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KSE-100 soars despite negative cues

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  • Optimistic investor spirits drive the flow of funds to index-heavy sectors.
  • KSE-100 index surge 591.27 points to settle at 44,928.83.
  • Shares of 362 were traded during the session.

 KARACHI: The Pakistan Stock Exchange (PSX) bounced back on Thursday as the benchmark KSE-100 surged by nearly 600 points supported by late-session buying.

Anticipation of encouraging financial results allowed investors to cherry-pick stocks that had dropped to attractive valuations following multiple rounds of hammering in the past month owing to rising political uncertainty in the country.

Optimistic investor spirits drove the flow of funds to index-heavy sectors and all heavyweights closed with modest gains.

The market players also ignored concerns raised by Moody’s regarding a negative rating due to the no-confidence motion submitted against Prime Minister Imran Khan.

Meanwhile, during the month of March, the benchmark KSE-100 index rose 1.1% as positivity returned to the bourse despite deafening political noise and the commencement of a military war between Russia and Ukraine.

At the close, the KSE-100 index surged 591.27 points, or 1.33%, to settle at 44,928.83 points.

Benchmark KSE-100 index intra-day trading curve. — PSX data portal
Benchmark KSE-100 index intra-day trading curve. — PSX data portal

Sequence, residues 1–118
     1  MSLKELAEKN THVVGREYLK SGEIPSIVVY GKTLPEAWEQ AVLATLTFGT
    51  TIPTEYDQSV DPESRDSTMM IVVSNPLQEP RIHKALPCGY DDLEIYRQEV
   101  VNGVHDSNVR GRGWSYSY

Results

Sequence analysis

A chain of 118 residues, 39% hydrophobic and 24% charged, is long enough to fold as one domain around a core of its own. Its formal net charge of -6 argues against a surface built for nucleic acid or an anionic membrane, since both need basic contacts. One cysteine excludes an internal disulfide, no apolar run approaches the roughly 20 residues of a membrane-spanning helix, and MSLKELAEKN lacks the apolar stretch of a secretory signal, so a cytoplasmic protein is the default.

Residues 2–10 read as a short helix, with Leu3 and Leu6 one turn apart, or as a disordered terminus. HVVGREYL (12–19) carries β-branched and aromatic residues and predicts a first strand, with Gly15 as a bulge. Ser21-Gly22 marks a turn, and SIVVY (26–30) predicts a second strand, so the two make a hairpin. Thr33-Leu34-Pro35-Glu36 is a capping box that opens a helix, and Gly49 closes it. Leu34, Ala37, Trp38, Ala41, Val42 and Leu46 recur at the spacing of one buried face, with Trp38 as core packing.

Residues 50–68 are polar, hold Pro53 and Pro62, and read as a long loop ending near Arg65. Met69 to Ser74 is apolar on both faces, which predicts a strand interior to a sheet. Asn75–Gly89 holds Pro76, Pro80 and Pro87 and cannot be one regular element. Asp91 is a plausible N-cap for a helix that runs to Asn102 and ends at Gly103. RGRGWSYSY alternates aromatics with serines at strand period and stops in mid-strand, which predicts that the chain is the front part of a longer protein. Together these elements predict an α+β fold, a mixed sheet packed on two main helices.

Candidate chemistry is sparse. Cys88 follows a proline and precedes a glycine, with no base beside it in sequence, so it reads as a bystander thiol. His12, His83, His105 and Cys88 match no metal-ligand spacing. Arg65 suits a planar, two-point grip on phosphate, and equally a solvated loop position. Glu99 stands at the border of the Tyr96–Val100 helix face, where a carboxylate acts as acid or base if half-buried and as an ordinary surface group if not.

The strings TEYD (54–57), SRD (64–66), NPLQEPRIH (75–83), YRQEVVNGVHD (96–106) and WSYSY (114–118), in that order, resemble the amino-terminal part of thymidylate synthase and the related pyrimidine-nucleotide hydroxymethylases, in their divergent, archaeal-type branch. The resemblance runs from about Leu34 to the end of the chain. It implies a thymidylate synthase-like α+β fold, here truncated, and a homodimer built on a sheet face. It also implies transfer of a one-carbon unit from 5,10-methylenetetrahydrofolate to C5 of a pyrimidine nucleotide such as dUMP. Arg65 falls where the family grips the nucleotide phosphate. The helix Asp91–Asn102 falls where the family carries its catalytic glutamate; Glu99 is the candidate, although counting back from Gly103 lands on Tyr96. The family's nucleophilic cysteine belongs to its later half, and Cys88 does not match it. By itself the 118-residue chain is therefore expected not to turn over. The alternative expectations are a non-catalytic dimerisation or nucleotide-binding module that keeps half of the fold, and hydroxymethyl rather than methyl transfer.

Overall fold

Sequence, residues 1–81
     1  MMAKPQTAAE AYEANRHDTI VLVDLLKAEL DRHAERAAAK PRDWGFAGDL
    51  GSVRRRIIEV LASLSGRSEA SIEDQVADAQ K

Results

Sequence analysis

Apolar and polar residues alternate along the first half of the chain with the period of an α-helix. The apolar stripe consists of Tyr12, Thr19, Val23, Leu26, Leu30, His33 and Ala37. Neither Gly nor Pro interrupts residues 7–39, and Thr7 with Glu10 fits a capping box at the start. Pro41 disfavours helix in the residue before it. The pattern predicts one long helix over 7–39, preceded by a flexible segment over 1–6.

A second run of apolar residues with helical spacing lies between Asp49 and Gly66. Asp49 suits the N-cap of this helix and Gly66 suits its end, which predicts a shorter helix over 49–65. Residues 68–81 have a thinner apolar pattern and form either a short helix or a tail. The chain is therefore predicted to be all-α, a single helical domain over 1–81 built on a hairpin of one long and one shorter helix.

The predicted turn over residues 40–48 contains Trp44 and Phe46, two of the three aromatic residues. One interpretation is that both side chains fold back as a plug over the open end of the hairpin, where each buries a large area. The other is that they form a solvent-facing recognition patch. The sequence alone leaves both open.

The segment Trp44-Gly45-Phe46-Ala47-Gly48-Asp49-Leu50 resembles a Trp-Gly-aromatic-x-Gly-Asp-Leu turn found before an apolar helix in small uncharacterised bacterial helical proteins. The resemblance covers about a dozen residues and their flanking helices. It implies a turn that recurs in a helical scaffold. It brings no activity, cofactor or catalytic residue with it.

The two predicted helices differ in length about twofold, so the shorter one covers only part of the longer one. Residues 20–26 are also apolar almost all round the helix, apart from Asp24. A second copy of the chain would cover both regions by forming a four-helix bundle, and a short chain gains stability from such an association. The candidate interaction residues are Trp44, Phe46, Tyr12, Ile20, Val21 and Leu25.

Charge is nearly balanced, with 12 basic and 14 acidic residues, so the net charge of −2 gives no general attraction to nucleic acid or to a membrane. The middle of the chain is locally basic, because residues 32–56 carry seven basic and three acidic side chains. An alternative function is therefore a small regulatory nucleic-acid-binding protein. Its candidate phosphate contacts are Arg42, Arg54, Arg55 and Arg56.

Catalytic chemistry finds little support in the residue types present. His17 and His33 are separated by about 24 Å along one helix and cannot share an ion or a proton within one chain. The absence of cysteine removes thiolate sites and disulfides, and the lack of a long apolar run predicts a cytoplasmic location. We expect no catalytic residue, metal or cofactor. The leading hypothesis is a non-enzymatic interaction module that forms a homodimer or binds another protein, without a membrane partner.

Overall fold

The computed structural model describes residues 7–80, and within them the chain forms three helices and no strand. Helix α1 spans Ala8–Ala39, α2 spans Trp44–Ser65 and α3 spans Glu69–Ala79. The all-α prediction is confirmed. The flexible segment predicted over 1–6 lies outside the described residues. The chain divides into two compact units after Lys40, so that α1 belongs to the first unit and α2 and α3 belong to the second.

Arif Habib Limited in its post-market commentary noted that the market witnessed positive momentum along with improved trading volumes today.

“The benchmark KSE-100 index stayed in the green zone,” it stated, adding that investors seemed to be optimistic on the ground of decline in international oil prices and expectation of upcoming good financial results in cement stocks.

Meanwhile, on the flip side activity remained healthy in third-tier stocks.

Sectors contributing to the performance included technology (+118.2 points), fertiliser (+87.1 points), banks (+67.7 points) and cement (+41 points).

Shares of 362 were traded during the session. At the close of trading, 273 scrips closed in the green, 75 in the red, and 14 remained unchanged.

Overall trading volumes rose to 344.13 million shares compared with Tuesday’s tally of 268.91 million. The value of shares traded during the day was Rs7.8 billion.

K-Electric was the volume leader with 56.07 million shares traded, gaining Rs0.03 to close at Rs3.14. It was followed by Treet Corporation with 34.44 million shares traded, gaining Rs2.20 to close at Rs33.93, and Telecard Limited with 27.29 million shares traded, gaining Re1 to close at Rs14.17.